Dachshunds are a naturally feisty breed.Bred to hunt badgers, they had to be clever and tough. But that assertive nature should not be allowed to turn against you.You need to be the top dog.
Each dog will deviate in degree, of course.There are submissive ones though fewer than other breeds, on average.Some will try to demand on having their own way at all times, much like nearly all terriers. But training can modify their behavior, especially if you start when they are young and stay consistent.
Zero tolerance should be the rule for all aggressive conduct, whether toward a family member, you, or strange people and animals.Gnawing the leash during training is one mild manifestation.
Discourage it by stepping on the leash close to the dog’s head. Then with the other foot, slowly pull the leash down to the ground closer and closer to the collar.Take care not to stress their neck, as they are inclined to back problems.When they have let go of the lead, praise them abundantly.
To discourage excess barking or snapping or biting a squirt bottle comes in handy.When your Doxie shows this behavior, give him a little squirt against the muzzle.Stay away from the eyes.That startles your Doxie and it is unpleasant besides.Avoid making it a contest of wills, but repeat when needed.That only tends to make it seem to the dog that you are a rival.Being consistently firm is favored to counter-aggression.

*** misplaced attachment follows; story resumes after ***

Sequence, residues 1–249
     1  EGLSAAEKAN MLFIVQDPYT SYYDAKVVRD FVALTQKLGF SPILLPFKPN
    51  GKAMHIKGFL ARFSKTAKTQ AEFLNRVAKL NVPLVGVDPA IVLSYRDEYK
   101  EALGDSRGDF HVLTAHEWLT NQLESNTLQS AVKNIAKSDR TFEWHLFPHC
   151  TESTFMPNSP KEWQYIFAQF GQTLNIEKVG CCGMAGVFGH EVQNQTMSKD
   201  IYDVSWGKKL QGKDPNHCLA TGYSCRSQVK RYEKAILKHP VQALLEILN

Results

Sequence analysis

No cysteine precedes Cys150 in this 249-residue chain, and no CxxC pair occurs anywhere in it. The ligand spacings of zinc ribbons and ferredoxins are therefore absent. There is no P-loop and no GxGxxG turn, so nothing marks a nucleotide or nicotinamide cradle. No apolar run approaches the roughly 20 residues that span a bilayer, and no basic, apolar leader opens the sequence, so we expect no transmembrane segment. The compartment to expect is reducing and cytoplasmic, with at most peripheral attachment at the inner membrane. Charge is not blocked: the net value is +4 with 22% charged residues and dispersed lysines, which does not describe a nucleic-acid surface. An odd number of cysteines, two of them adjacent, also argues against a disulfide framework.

If your Dachshund continues, seperate your dog and be prepared for some barking.Like spoiled young children, a dog will sometimes try to shout or whine its way out of punishment.Offer your dog rugged chew toys and allow him to work out the aggression on those while he’s in the “time out” box.
Follow this negative reinforcement with some positive reinforcement.Look for illustrations of good behavior and praise it lavishly.Use a modest number of treats if needed.The point is to help the dog see for itself the different consequences of its own course of action in terms of your response.Dachshunds are intelligent.With persistence, they will learn.
For instance, one may become assertive during fetch by refusing to give up the ball. Try to distinguish between genuine willfulness and a simple desire to play a different game, tug. Make the difference clear by using a rope for tug, which they love.
It’s necessary to tread a fine line, though, because tug can lead to encouraging aggression.Exercising them a little harder than you would a more frisky or serene dog will help. Aggression is partly caused by the frustration of pent-up energy with no positive outlet.
An assistant can be a big help here.Fling the ball to a friend several feet away, along the ground.When the Doxie gives chase, make sure the partner gets the ball first.Repeat the exercise a few times, then permit your Doxie to win.
With patience and a little inventiveness, you can channel your Doxie’s aggression into more positive directions.
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